KIYV-Russian soldiers who surrender to Ukraine will be treated in a “civilised manner”, Ukrainian President Volodymyr Zelensky has said Sunday.

In his nightly address, Mr Zelensky appealed to Russians to run away or surrender once at the front. It comes after Vladimir Putin signed a law doubling the punishment for Russian soldiers who desert or disobey orders.

Russian human rights organisation OVD-Info reported that 700 people were arrested on Saturday, while more than 1,000 were detained earlier in the week. Unsanctioned rallies are banned under Russian law.

Speaking in Russian - his first language - Mr Zelensky urged Russians to surrender to Ukraine rather than risk being tried as a war criminal after the conflict. Ukraine will treat deserters in line with international conventions and will not return anyone to Russia if they are afraid of repercussions, he said.

“It is better to surrender to Ukrainian captivity than to be killed by the strikes of our weapons,” he added.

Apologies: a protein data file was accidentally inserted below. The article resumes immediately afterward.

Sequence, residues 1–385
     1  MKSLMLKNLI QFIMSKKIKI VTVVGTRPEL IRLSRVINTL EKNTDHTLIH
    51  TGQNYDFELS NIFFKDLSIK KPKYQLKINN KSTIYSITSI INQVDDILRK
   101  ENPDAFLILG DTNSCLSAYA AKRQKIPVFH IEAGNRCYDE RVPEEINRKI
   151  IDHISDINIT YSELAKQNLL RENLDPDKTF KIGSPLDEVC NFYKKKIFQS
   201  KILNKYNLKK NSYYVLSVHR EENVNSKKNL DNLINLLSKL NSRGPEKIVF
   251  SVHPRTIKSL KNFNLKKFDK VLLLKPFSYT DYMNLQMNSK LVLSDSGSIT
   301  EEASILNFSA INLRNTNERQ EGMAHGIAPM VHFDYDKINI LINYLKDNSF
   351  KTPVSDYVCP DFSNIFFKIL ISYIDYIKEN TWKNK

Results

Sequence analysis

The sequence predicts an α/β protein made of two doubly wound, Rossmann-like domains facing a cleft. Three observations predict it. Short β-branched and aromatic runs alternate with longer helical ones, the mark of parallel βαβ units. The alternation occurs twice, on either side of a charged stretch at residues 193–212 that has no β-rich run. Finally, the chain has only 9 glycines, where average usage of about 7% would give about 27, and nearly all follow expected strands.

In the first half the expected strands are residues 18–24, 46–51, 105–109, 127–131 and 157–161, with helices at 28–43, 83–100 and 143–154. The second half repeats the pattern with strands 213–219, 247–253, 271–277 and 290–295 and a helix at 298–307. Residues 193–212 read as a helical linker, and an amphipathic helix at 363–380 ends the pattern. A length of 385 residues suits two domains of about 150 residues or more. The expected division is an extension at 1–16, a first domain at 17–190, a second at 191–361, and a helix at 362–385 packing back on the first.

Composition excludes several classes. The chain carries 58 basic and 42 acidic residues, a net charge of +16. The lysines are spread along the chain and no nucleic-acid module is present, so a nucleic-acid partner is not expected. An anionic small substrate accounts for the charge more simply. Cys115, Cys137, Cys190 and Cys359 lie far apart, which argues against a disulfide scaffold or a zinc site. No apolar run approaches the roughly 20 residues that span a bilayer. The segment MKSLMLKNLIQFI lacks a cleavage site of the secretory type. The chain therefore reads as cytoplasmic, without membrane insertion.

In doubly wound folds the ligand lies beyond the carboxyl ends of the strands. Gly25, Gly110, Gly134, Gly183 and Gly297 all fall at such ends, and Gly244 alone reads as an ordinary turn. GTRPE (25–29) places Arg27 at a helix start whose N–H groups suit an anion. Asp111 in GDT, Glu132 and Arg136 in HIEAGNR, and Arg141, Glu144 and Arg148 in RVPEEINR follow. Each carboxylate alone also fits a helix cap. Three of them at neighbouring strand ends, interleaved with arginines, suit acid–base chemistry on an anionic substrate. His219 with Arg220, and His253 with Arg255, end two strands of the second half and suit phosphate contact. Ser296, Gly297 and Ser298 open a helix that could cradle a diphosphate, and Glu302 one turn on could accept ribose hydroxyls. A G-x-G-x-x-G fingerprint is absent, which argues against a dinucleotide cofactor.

President Putin signed a law on Saturday which means Russians who desert, refuse to fight, disobey orders or surrender now face 10 years in prison.

The Russian president’s moves are widely seen as an attempt to regain the initiative after his forces suffered setbacks on the battlefield.

Self-styled referendums on joining Russia are continuing in four regions of Ukraine: Luhansk, Donetsk, Kherson and Zaporizhzhia. Ukraine and the West have condemned the votes as undemocratic, and there have been numerous reports of locals being intimidated into voting by armed Russian soldiers.

The votes would pave the way for Russia to annex the four regions. Mr Putin’s top diplomat, Sergei Lavrov, said that any regions voting to join Russia would receive the country’s full protection, and be bound by all laws and doctrines of Russia.

While annexation would not be recognised internationally, it could lead to Russia claiming that its territory is under attack from Western weapons supplied to Ukraine, escalating the war further. The partial mobilisation sparked a rush to the border, with some Russians attempting to evade a call-up.

Estonia, Latvia and Lithuania have closed their borders to most Russians, saying they are not prepared to automatically grant asylum to those fleeing the draft. Estonian Interior Minister Lauri Laanemets was quoted by the Baltic News Service as saying that the invasion of Ukraine was the “collective responsibility of Russian citizens” and that refusing entry to Russians would hopefully “increase discontent” in Russia.